All posts filed under: Handcrafts

Creating a Mason Atmosphere on a Dime by Carroll Smith

Education as an atmosphere is one of Mason’s fundamental pillars for education.  What are the components of education as an atmosphere?  There are two broad categories in my mind:  Spiritual and Physical.  What do I mean? Mason used the word spiritual to describe all that is not corporeal or physical.  Her definition involved concepts of the mind.  In fact she says, “By spiritual I mean that which is not corporeal; and which, for convenience’ sake, we call by various names–the life of thought, the life of feeling, the life of the soul” (Mason, 1953, p. 168).  What might be some examples of spiritual atmosphere in the classroom:  1) relationships, 2) respect, 3) attitudes, 4) dispositions, 5) creative ideas, and many others?  These are not elements you can put your hands on.  These are concepts of the mind and can only be conveyed by persons.  In considering these spiritual components of the classroom the question is:  Does the classroom have an atmosphere of working together, supporting one another, developing habits, developing relationships and others?  These are …

A Handy Boys Lego Club: A Somewhat Surreptitious Attempt at Handicrafts With Boys by Jeannette Tulis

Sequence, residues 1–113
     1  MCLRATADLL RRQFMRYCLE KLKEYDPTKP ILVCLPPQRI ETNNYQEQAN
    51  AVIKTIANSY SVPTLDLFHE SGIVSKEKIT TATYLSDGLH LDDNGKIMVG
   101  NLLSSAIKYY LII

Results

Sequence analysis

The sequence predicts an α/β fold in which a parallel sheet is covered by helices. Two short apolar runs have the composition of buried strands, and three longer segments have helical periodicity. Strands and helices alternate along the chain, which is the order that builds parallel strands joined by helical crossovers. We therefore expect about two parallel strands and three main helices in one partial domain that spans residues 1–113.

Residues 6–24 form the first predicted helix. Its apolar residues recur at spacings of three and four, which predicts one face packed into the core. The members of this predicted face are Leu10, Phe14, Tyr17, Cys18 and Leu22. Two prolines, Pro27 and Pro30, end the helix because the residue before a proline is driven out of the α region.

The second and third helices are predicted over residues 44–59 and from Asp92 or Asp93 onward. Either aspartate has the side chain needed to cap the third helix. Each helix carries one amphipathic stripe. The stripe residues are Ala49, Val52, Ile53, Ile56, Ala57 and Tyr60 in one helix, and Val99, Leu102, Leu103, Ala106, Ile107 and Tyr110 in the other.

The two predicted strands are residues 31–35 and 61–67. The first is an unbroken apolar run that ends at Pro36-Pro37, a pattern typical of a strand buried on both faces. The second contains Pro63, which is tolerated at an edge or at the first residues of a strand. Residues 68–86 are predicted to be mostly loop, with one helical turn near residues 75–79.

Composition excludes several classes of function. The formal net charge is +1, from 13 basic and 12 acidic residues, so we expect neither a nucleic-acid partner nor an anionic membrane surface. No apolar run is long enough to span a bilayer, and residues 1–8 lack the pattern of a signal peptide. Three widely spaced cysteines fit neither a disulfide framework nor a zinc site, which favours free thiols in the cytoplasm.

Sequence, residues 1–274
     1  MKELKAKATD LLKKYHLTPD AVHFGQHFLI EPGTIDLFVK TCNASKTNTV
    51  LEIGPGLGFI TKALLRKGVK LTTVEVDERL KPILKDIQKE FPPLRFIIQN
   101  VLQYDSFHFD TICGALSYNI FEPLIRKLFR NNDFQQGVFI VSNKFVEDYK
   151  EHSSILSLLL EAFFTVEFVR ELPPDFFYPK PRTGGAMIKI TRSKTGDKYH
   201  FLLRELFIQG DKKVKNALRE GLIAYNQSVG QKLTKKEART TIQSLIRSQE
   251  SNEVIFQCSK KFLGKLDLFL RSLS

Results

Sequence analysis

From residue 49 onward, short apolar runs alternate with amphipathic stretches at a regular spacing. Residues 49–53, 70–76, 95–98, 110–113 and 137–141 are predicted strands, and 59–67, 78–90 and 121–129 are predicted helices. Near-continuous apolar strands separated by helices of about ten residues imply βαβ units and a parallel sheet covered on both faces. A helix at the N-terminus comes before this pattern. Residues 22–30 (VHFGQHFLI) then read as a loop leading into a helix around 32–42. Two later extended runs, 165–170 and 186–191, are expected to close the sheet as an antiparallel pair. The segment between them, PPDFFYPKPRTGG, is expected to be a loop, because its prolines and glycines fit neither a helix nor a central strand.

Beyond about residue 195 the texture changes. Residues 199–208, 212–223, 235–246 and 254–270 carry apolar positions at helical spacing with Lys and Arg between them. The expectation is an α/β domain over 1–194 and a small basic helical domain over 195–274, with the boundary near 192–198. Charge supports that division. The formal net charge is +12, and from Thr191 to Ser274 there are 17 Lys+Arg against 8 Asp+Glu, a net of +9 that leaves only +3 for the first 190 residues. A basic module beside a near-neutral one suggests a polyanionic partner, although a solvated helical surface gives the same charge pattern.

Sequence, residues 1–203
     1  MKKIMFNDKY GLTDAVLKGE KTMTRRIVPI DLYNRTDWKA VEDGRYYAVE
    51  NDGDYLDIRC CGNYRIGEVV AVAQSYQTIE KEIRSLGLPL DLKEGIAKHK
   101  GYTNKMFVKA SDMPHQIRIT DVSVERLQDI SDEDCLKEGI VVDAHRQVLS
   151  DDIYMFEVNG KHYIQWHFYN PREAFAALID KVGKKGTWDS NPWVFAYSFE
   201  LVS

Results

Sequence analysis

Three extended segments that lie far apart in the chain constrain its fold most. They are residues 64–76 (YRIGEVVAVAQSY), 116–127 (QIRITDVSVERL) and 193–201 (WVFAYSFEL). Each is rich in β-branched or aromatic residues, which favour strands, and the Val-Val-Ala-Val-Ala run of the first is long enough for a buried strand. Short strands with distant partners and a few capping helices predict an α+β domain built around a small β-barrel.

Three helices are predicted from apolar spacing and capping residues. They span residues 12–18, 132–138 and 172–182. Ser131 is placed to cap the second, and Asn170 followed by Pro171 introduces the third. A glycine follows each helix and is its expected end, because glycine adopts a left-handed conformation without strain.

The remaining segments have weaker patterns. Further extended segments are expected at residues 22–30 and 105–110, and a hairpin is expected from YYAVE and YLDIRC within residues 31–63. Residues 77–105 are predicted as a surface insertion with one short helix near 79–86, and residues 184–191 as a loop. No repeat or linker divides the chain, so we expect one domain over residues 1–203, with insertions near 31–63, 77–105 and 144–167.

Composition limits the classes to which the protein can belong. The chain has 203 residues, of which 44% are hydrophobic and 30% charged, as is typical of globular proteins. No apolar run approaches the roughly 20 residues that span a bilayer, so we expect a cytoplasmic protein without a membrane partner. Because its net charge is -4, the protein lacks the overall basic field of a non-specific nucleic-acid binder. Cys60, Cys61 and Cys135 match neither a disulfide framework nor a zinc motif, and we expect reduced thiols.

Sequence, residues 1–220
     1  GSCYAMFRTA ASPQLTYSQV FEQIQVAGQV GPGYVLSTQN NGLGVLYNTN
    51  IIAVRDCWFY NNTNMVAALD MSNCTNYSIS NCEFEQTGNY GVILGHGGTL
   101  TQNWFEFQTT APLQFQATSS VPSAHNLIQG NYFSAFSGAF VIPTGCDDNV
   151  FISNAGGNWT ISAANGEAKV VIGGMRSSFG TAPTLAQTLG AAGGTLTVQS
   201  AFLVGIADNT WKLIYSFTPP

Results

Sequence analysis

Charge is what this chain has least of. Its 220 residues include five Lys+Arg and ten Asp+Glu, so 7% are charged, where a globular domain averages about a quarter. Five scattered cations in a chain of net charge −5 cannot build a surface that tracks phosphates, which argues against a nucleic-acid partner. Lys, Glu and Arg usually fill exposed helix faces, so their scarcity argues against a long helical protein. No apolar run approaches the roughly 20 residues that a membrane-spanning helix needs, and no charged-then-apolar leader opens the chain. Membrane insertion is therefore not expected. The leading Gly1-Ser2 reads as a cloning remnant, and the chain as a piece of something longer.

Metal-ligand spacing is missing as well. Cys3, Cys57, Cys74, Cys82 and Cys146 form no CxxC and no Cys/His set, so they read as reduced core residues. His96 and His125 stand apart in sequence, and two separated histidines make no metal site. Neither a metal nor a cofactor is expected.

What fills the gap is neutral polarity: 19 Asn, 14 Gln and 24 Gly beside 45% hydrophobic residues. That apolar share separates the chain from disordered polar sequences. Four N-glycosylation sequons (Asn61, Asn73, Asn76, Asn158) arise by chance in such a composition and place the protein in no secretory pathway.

Ok, I admit it. Charlotte may not have approved. After all she encouraged us to inspire with admiration, hope and love. I do not see subterfuge and baiting on that list. But one does what one must do. For many years I have led or helped to lead workshops on handicrafts at the ChildlightUSA Conference (now known as the Charlotte Mason Institute Conference). And now, another confession is in order. I was quite faithful to include handicrafts in my daughter’s lessons. But my track record was less than stellar with my three younger children, all boys. My daughter took to handicrafts like a duck to water. To encourage her I even started a little club of girls near her age. We called it Hearts and Hands and combined teaching a serious handicraft with a Bible study on Christian character. It was a lovely group which met for several years and my daughter and many of her friends learned how to embroider, knit, crochet, quilt, hand sew—all skills which have stood her in good stead in …

What I Learned This Summer by Amy Tuttle

This summer I had the enormous pleasure and privilege to find myself stateside in attendance of several Charlotte Mason retreats, with some shopping and visits on the side. How kind and longsuffering my husband is to have taken care of things back home in Peru so I could have a couple of weeks of ‘mommy break’ as he calls it! Among the interesting gems I have laid hold of this summer are: the importance of the manual hand work of Sloyd in early education; the place and importance of Mathematics, as well as it’s proper instruction; and how to take Science out of the box even in the upper years, getting the student to ask the questions. And perhaps outstanding amongst the others, the idea of being fully present and living fully wherever one is, also struck home once again. Throughout my travels while ingesting all of these ideas about education, I was also taking in How Should We Then Live by Francis Schaeffer via audiobook. It was a perfect compliment to everything I was …